The product has some nice properties: it is commutative and associative (up to extensional equivalence), it is distributive over the sum (ditto), has $1$ (defined below) as unit element (again, up to extensional equivalence) and $-G \cong (-1) \otimes G$.

For **impartial** games (those with $L=R=:E$), Conway-equality is exactly the equality of the Grundy ordinals (the Grundy ordinal of an impartial game $(G,x)$ being recursively defined as the least ordinal not equal to the Grundy ordinal of $(G,y)$ for any out-neighbor $y$ of $x$, i.e., $(x,y) \in E$), and the sum and product operations are compatible with this equivalence, and define over the ordinals two operations called "nim sum" and "nim product" which have plenty of nice properties (e.g., each infinite cardinal is an algebraically closed field of characteristic $2$; Conway calls these "nimbers", a portmanteau of "nim" and "number").

Sadly, whereas the sum is always compatible with Conway equality (if $G_1 \doteq G_2$ then $G_1 \oplus G' \doteq G_2 \oplus G'$), product is not in general. For a counterexample, leg $1$ be the game with two positions $0,1$ and a blue edge between $1$ and $0$, let $2$ be the game with three positions $0,1,2$ and blue edges $L = \{(1,0),(2,0),(2,1)\}$, and let $1\oplus 1$ be the same game as $2$ but without the $(2,0)$ edge (this is, indeed, extensionally equivalent to the sum $1\oplus 1$ as defined above): then $1\oplus 1 \doteq 2$ yet $(1\oplus 1)\otimes * \cong * \oplus * \doteq 0$ is not Conway-equal to $2 \otimes * =: * 2$, where here $*$ and $* 2$ are the same games as $1$ and $2$ but with green (=both blue and red) edges instead of just blue (multiplying by $*$ is extensionally the same as making the game impartial by making all edges green): the Grundy ordinals of $*$ and $*2$ are $1$ and $2$ respectively, so they are not Conway-equal.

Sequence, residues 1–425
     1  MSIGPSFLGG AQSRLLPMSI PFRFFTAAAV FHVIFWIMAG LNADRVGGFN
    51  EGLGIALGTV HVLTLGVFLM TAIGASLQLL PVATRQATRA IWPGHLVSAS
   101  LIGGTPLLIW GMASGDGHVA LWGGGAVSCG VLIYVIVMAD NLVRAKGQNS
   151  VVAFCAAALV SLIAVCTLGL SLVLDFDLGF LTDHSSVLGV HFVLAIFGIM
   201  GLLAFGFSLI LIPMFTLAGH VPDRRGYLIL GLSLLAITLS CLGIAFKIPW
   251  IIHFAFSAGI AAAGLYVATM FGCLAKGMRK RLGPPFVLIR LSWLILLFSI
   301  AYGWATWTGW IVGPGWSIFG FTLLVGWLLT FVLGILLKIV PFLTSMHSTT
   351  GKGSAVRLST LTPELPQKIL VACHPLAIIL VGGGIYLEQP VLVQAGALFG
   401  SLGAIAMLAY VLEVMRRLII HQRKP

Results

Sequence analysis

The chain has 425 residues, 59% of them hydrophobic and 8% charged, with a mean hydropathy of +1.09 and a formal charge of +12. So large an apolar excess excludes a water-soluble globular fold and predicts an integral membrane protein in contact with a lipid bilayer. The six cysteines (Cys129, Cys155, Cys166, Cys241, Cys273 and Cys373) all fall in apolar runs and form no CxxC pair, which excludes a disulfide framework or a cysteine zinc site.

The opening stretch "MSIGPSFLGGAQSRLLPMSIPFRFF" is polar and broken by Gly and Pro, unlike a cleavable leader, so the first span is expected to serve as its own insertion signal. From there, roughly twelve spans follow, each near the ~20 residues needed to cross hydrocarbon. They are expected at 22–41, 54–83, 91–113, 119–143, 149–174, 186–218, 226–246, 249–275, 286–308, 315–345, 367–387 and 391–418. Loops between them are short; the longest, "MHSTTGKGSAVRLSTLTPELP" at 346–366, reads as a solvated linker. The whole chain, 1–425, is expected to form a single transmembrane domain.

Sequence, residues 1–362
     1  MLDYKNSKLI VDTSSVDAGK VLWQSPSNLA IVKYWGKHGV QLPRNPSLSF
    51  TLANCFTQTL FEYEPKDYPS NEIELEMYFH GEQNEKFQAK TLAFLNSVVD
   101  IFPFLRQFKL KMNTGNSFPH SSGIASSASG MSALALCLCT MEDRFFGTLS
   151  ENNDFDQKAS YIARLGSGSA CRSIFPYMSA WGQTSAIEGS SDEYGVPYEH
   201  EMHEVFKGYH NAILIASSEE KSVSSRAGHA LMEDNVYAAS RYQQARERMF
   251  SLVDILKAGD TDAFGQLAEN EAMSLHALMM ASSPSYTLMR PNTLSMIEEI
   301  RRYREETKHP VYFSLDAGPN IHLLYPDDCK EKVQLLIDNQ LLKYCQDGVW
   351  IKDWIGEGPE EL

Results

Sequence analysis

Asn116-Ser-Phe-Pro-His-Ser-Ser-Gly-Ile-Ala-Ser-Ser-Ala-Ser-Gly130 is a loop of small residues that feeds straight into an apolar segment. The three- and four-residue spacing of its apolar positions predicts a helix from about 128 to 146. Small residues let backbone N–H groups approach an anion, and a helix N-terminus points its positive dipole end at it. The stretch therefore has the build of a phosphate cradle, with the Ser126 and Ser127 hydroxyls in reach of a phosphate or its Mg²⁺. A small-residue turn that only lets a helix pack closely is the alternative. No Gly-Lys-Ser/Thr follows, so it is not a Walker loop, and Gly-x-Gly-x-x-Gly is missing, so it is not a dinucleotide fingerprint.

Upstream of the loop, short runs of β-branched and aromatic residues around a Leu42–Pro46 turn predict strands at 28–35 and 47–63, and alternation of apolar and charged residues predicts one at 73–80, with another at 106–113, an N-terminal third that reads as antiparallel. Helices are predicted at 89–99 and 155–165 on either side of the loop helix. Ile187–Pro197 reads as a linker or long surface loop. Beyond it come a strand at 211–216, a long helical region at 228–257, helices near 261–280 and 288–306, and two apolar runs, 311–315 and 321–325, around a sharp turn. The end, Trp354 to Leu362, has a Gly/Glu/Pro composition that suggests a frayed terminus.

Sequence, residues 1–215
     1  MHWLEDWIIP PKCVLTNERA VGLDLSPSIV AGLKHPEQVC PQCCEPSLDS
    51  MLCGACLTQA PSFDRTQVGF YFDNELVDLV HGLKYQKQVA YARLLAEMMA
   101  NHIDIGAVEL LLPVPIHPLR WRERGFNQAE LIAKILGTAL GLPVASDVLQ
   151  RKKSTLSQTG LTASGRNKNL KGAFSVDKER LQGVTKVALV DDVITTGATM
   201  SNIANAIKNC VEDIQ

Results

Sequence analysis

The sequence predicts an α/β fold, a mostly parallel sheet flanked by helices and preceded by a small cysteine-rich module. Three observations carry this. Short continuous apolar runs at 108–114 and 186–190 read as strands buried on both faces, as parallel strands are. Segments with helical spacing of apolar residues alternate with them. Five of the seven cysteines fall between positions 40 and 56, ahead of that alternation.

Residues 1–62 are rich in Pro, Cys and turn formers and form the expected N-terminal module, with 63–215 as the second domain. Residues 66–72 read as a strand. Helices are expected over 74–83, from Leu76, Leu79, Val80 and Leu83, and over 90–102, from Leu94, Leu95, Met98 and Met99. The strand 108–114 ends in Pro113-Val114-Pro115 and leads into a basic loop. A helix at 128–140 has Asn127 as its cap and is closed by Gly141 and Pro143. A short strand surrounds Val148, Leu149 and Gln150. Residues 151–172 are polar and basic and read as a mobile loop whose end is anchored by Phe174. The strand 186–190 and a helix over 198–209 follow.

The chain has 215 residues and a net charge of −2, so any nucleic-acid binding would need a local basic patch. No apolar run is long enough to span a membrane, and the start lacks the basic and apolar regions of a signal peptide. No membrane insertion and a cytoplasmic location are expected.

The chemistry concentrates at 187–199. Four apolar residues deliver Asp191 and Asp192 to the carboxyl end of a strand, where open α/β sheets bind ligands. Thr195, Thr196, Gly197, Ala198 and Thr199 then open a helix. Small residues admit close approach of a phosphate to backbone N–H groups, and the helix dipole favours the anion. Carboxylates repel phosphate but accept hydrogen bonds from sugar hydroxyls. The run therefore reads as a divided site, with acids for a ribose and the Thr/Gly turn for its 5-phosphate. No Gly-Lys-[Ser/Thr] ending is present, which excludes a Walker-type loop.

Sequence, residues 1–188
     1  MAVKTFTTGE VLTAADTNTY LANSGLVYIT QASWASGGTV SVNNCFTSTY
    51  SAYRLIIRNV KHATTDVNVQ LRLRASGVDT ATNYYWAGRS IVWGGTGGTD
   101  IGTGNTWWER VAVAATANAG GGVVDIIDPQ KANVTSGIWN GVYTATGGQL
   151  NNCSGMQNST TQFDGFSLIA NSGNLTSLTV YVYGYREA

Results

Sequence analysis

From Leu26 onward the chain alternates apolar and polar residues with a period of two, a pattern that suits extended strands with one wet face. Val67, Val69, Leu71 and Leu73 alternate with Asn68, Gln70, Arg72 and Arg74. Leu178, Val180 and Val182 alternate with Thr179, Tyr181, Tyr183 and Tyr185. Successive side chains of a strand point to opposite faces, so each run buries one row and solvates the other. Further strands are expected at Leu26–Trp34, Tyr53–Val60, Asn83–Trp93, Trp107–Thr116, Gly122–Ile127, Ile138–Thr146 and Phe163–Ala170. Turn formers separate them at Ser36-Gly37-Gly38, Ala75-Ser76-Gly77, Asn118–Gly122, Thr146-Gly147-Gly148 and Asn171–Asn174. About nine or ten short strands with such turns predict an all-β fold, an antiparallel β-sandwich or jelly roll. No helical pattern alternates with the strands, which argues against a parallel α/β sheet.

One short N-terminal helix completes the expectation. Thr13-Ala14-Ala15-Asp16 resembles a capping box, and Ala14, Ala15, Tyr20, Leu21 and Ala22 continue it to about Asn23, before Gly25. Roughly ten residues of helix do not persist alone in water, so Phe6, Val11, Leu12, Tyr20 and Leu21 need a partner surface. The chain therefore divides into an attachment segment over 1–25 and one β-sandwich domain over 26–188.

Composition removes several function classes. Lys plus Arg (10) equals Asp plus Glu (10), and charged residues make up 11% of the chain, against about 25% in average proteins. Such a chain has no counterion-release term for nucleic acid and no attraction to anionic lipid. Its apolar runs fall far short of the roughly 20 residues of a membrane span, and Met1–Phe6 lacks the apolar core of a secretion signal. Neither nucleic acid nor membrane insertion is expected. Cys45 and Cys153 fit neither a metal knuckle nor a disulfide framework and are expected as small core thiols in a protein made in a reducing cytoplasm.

So there are two obvious ways to try to solve this problem:

Restrict the definition of the product $G \otimes N$ for certain games $N$ for which $G \doteq G'$ implies $(G\otimes N) \doteq (G'\otimes N)$. This is Conway's approach in

*On Numbers and Games*, the games $N$ in question being called "numbers" (I'm not sure whether all the games for which $G \doteq G'$ implies $(G\otimes N) \doteq (G'\otimes N)$ are numbers, but numbers satisfy this property). This gives a nice theory where the numbers are a field and the games a partially ordered group, and we can multiply games and numbers, but we can't multiply two games.But the other would be to change the equivalence relation $\doteq$, and define a stronger (=smaller, =finer) equivalence relation, say $\triangleq$, by $G\triangleq G'$ iff $(G\otimes H) \doteq (G'\otimes H)$ for all games $H$ (i.e. not only does the second player win $G' \ominus G$, but in fact $(G'\ominus G) \otimes H$ for all games $H$; in particular, this is required for $H = *$, which demands that the impartial games $G \otimes *$ and $G' \otimes *$ have the same Grundy ordinals). It seems that this should still give the games (up to a certain size…) a ring structure, of which the nimbers are a factor or something like that.

My question (at last) is whether this second approach has been studied, and whether it leads to an interesting theory or whether on the contrary there is something obviously wrong with it.

finerequivalence relation would probably have been a bad idea, since equality is always supposed to be "the finest equivalence relation that will ever need to be considered in any given domain". $\endgroup$